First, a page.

Background:Exposure to the environmental endocrine disruptor bisphenol A (BPA) is ubiquitous and associated with the increased risk of diabetes and obesity. However, the underlying mechanisms remain unknown. We recently demonstrated that perinatal BPA exposure is associated with higher body fat, impaired glucose tolerance, and reduced insulin secretion in first- (F1) and second-generation (F2) C57BL/6J male mice offspring.Objective:We sought to determine the multigenerational effects of maternal bisphenol A exposure on mouse pancreatic islets.Methods:Cellular and molecular mechanisms underlying these persistent changes were determined in F1 and F2 adult offspring of F0 mothers exposed to two relevant human exposure levels of BPA (10μg/kg/d-LowerB and 10mg/kg/d-UpperB).Results:Both doses of BPA significantly impaired insulin secretion in male but not female F1 and F2 offspring. Surprisingly, LowerB and UpperB induced islet inflammation in male F1 offspring that persisted into the next generation. We also observed dose-specific effects of BPA on islets in males. UpperB exposure impaired mitochondrial function, whereas LowerB exposure significantly reduced β-cell mass and increased β-cell death that persisted in the F2 generation. Transcriptome analyses supported these physiologic findings and there were significant dose-specific changes in the expression of genes regulating inflammation and mitochondrial function. Previously we observed increased expression of the critically important β-cell gene, Igf2 in whole F1 embryos. Surprisingly, increased Igf2 expression persisted in the islets of male F1 and F2 offspring and was associated with altered DNA methylation.Conclusion:These findings demonstrate that maternal BPA exposure has dose- and sex-specific effects on pancreatic islets of adult F1 and F2 mice offspring. The transmission of these changes across multiple generations may involve either mitochondrial dysfunction and/or epigenetic modifications. https://doi.org/10.1289/EHP1674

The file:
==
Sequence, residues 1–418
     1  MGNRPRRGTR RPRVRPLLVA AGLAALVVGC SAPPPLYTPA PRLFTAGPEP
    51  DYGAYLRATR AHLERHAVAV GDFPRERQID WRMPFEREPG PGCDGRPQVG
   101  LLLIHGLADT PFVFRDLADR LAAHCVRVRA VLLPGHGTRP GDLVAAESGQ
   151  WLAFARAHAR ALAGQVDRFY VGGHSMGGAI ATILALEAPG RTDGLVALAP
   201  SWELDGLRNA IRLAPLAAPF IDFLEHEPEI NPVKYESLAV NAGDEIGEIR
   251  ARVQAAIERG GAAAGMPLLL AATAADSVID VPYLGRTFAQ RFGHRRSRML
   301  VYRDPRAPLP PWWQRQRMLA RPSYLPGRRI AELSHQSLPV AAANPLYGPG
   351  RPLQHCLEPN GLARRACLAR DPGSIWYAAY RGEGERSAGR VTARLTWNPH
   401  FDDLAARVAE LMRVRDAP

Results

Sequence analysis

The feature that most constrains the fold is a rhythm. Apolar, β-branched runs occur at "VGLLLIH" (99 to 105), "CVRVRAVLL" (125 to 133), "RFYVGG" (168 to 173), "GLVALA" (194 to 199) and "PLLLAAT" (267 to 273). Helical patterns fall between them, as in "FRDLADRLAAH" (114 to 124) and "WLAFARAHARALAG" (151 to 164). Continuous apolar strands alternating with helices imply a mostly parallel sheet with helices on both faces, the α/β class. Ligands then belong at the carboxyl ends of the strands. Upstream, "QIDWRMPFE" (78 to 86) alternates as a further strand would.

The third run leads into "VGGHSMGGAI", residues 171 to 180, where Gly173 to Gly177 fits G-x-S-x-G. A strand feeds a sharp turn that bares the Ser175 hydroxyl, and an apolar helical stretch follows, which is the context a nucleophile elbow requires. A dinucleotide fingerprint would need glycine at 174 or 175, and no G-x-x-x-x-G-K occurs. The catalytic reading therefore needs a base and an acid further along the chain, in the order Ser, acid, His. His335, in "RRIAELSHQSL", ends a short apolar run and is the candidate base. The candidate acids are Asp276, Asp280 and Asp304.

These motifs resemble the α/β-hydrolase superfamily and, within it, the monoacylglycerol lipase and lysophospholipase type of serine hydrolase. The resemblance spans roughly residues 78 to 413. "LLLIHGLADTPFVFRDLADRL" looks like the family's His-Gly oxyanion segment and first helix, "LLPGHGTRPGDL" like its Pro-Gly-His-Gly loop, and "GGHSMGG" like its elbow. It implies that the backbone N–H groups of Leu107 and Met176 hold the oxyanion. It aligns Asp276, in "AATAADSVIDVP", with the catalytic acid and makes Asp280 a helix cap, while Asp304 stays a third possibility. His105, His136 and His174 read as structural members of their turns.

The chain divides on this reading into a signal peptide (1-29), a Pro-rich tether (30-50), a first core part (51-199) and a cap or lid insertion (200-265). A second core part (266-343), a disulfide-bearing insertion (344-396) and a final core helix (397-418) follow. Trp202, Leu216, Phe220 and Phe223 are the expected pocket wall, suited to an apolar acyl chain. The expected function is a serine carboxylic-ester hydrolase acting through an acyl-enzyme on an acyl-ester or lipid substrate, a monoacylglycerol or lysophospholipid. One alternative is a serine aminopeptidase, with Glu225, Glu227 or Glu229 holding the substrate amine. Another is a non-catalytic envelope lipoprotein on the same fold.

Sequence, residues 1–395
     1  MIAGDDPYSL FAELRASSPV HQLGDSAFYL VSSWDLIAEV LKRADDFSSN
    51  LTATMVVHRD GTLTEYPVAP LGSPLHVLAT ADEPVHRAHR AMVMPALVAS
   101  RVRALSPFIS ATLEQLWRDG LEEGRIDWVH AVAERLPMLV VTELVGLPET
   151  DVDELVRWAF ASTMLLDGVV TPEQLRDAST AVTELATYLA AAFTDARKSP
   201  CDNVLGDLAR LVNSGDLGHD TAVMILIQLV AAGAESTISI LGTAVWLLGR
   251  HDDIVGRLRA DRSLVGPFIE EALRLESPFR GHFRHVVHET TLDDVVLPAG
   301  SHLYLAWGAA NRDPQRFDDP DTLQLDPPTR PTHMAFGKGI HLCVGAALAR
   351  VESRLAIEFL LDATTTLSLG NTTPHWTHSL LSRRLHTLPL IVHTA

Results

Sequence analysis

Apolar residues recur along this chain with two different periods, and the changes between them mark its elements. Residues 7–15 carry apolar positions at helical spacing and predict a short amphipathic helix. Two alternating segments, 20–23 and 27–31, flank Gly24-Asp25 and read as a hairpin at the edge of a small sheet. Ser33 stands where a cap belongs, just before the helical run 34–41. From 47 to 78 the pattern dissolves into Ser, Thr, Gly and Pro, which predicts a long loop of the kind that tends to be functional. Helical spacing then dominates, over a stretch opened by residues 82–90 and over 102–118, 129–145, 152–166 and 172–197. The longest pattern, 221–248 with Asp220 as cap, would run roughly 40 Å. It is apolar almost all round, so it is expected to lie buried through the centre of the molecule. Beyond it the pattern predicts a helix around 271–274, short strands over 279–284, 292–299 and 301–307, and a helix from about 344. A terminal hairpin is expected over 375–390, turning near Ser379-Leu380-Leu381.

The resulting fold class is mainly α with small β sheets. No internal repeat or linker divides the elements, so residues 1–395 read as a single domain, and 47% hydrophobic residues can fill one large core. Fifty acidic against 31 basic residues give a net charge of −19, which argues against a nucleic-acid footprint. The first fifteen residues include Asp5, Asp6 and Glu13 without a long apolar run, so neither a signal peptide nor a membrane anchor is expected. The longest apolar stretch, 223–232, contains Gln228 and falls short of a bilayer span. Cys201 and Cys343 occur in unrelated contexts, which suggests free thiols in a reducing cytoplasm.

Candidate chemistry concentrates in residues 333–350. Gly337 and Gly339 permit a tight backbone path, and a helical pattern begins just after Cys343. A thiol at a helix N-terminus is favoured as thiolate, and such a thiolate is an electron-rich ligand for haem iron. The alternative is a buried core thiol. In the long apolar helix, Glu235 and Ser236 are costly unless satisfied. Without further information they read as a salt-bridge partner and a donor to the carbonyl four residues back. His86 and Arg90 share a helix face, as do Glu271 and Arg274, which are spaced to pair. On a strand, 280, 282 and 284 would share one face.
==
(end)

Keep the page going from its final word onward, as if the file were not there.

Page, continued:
Rhesus (rh) but not human (hu) TRIM5α potently restricts human immunodeficiency virus (HIV)-1 infection. It is not clear why huTRIM5α fails to effectively block HIV infection, but it is thought to have a lower affinity for the viral core. Using primary human CD4 T cells, we investigated the ability of huTRIM5α, rhTRIM5α, and the huTRIM5αR323-332 B30.2/SPRY patch-mutant to form cytoplasmic bodies, postulated as key components of the HIV-1 restriction apparatus. Both rhTRIM5α and huTRIM5αR323-332 formed pronounced cytoplasmic bodies, whereas cytoplasmic bodies in T cells overexpressing huTRIM5α were present but more difficult to detect. As expression of all three TRIM5α orthologs was similar at the RNA level, we next investigated the role of protein stability in conferring TRIM5α-mediated HIV-1 restriction. Both steady-state and pulse-chase experiments revealed that the huTRIM5α protein was much less stable than rhTRIM5α, and this difference correlated with higher self-ubiquitination activity. Using a stabilized form of huTRIM5α in which the steady-state expression level was more similar to rhTRIM5α, we observed comparable HIV-1 restriction activity in multi-round HIV-1 challenge assays. Lastly, primary human CD4 T cells expressing a stabilized huTRIM5α were protected from HIV-1-mediated destruction in vivo, indicating that efforts to stabilize huTRIM5α should have significant long-term therapeutic value.